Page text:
Here’s the bragging part.  You will see form his video that he and I both came to same conclusions!  I promise you I did not see this video until this morning!!!!  This certifies that I was right on target and that the information you have received is accurate and you can trust us again to give you the right scoop without bias.

Here’s another point you might want to consider after watching the video below.  Our set of 5 – Gap Wedge will cost $579,  ($399 to our student/members) and the Edel irons are $1,750, 5 – PW, GW.  The Edel club heads are 1030 carbon steel forged, while our club heads are 431 stainless steel, but I am playing the 431 steel set myself having been a forged golfer forever and I’m not disappointed at all.

I’m going to take some pictures of our single and multiple length golf clubs and post them on the Bog tomorrow so watch for it. Now take a moment to watch the first part of this video about the single length irons.  The second half is about putters and also interesting if you have the time.

Golf Clubs Like Bryson DeChambeau Part IV

Single length golf clubs for the irons only!

We’re getting closer and I know you might be impatient by now but we want to get right, not fast.  I take it very seriously when I recommend something to others.  Unlike golf pros that will endorse anything for a buck, I refuse to promote something I wouldn’t use for my self.

We’re real close on what is the 5 iron through the AW.  We have the five iron flying higher than our earlier version.  I’ve tried so many different address positions, swinging more upright and then back to my old set-up that I’ve lost count.  I can say one thing.  I think the one ball position is a plus and it does make it more likely that one would take the same position more often if there were only one to learn or perform.

The problem with the hybrid so far is I think it has to be longer than the irons.  Bryson makes his 3 iron longer than the rest of his irons so it just makes sense that you need some length to help with the lower lofted golf club.  For instance, his irons are 37.5 inches long, (about seven iron length) but his three iron is 39″ long.

The first hybrid we made, (keep in mind this hybrid weighs like a seven iron 242 grams) with a steel shaft just like the rest of the iron set.  Poo poo terrible!  Muy malo!   So I built a hybrid with the graphite shaft same length.  Nada!  Just as bad.  Then I built the hybrid with a graphite shaft and made it 39.5 inches so I could choke up some and try different lengths.  I also made the shaft a bit softer, more flexible.  Walla!  What a difference!  Ball jumped up in the air and I was pretty satisfied.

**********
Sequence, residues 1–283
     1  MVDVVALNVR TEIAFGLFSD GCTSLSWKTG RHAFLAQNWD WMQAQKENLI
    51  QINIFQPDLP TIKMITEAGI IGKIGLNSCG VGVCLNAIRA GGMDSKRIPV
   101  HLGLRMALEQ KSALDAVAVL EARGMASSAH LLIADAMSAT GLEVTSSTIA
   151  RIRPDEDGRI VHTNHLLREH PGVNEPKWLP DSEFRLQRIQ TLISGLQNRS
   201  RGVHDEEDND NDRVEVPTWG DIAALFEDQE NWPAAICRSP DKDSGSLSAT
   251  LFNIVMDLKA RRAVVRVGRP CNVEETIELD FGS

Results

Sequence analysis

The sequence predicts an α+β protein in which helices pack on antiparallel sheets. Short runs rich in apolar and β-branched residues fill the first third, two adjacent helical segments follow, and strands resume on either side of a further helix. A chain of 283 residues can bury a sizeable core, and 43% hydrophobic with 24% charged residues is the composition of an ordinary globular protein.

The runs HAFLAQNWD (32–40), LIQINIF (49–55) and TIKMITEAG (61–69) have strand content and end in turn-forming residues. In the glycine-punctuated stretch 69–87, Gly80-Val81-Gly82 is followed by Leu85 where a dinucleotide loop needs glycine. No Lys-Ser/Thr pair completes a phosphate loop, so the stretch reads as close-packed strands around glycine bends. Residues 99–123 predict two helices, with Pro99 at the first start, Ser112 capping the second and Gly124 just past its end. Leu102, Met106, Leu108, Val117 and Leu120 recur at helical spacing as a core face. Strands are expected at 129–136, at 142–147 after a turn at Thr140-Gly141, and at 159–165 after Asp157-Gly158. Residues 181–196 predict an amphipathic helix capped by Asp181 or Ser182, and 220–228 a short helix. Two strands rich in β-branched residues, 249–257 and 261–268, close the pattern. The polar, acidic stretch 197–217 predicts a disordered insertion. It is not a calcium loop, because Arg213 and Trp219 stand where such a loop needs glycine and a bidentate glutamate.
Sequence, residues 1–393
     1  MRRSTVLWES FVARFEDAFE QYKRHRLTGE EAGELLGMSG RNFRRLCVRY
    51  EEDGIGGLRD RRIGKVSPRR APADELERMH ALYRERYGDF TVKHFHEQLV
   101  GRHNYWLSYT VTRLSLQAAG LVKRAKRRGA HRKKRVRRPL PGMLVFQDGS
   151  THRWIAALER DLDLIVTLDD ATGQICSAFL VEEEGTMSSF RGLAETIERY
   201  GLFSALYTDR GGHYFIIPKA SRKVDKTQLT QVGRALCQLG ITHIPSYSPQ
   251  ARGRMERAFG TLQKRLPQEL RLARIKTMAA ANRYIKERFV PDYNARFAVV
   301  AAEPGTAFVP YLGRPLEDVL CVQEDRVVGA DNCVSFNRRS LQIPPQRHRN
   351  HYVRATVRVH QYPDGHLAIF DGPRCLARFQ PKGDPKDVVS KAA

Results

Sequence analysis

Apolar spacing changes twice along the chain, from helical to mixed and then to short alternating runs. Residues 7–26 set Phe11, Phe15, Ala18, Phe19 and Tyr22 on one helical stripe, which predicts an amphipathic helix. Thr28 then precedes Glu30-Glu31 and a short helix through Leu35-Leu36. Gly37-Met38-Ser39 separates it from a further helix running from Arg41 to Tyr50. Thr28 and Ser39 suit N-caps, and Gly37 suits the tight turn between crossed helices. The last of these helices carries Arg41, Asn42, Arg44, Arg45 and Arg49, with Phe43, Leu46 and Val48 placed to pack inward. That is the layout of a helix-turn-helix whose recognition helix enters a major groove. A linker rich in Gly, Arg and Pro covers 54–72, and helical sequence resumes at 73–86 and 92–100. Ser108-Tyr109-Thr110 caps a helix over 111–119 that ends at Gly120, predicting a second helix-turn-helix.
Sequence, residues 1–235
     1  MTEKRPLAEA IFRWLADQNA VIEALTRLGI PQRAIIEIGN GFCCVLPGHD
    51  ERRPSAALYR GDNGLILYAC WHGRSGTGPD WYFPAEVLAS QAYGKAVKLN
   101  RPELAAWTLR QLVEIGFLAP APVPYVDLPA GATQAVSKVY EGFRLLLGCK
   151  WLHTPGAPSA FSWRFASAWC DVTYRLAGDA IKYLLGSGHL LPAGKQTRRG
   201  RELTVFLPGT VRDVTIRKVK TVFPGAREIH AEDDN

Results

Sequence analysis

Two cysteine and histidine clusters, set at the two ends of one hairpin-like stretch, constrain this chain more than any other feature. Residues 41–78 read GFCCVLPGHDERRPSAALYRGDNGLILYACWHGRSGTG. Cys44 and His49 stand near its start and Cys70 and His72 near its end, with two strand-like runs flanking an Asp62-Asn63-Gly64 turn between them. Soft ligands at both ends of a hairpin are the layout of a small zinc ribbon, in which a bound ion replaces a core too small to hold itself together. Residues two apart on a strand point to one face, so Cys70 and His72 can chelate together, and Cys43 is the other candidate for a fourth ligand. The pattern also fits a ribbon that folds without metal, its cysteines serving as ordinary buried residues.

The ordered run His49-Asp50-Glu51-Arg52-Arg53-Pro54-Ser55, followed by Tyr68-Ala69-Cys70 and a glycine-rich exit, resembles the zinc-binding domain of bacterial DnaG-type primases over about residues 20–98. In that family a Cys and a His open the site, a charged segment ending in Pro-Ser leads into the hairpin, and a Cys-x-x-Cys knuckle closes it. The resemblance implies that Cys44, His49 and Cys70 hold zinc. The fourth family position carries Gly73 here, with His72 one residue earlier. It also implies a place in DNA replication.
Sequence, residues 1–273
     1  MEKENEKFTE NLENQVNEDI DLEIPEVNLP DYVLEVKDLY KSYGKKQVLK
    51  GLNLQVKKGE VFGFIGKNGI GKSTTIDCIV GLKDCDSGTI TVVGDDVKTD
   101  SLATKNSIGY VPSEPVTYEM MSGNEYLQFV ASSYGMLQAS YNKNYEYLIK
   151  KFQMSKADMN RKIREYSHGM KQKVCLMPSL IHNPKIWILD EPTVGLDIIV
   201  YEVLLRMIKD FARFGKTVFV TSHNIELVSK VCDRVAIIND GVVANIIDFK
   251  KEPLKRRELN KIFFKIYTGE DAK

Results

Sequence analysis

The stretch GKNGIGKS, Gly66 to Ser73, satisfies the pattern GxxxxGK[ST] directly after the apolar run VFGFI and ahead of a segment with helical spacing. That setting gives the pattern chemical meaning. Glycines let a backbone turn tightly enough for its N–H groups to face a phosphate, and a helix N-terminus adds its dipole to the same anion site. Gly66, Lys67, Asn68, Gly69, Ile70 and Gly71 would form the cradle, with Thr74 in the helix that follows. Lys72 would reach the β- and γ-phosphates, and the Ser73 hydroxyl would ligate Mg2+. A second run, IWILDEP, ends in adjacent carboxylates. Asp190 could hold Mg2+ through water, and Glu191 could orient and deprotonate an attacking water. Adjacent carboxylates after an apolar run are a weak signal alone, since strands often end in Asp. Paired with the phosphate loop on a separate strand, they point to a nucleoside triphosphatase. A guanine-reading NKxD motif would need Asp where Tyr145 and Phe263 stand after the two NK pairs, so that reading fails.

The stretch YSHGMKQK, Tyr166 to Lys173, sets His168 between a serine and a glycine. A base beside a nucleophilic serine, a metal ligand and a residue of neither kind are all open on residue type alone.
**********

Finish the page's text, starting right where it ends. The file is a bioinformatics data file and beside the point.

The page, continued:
Don’t get out the Champagne yet!  One BIG problem.  In order for the hybrid to be a full 272 grams they had to make the head bigger.  More mass.  The typical hybrid four head weight is about 249 grams.  The bigger head needed in order to get 272 grams makes the club head to big to cut through the grass like I would want.  That’s probably why Bryson doesn’t have one?  No reason why we can’t go with a standard hybrid weight and just under standard length.

While Bryson’s three iron is 39 inches long his fairway wood is 44 inches.  So there is somewhat of a contradiction here.  Shorter irons, woods and long irons standard?

Nest step is I have a complete other set of heads coming in with all graphite shafts.  Lets see how the graphite shafts do along with the possibility of steel shafts in the 7,8,9,PW,AW and then graphite in the 5 and 6 irons.  Being I will be at the PGA show this week it might be until the end of the month until I can put them together for testing.

Here’s a new video below:

Single Length Golf Clubs Part III

There’s More To This Golf Club Configuration Than What the Golf Club Companies Are Telling You

We would be remiss if we didn’t take a serious look at both Bryson DeChambeau’s golf swing as well as Moe Norman, the supposed mentor of his instructor.  Yes there are similarities but not when it comes to lie angle on the golf club or swing plane angle.  Funny enough, Moe talks about being very vertical in one of his videos but watching him on film he is quite shallow.

This must have created a difficult decision for the golf club companies in that do you service or build around a Moe Norman configuration or Bryson DeChambeau?

To me, (I’m not done with my complete analysis) it looks like both Cobra and the generics have decided to go with a 62.5 lie angle which is common for a standard seven iron.  Well that is certainly not Bryson DeChabeau based by the video below, and maybe too upright for Moe Norman. I’m not sure.

Being that the generics I assuming followed the lead of Cobra, then we have no choice but to move the lie angles as far as we could which was to 64 degrees and stand closer to the ball for a more upright swing plane.  If we’re going to find out if Bryson’s method is a better way to play golf than we have to head in his direction.  A word of caution!  From the video below, I’m not certain that Bryson swings the golf club exactly like Moe?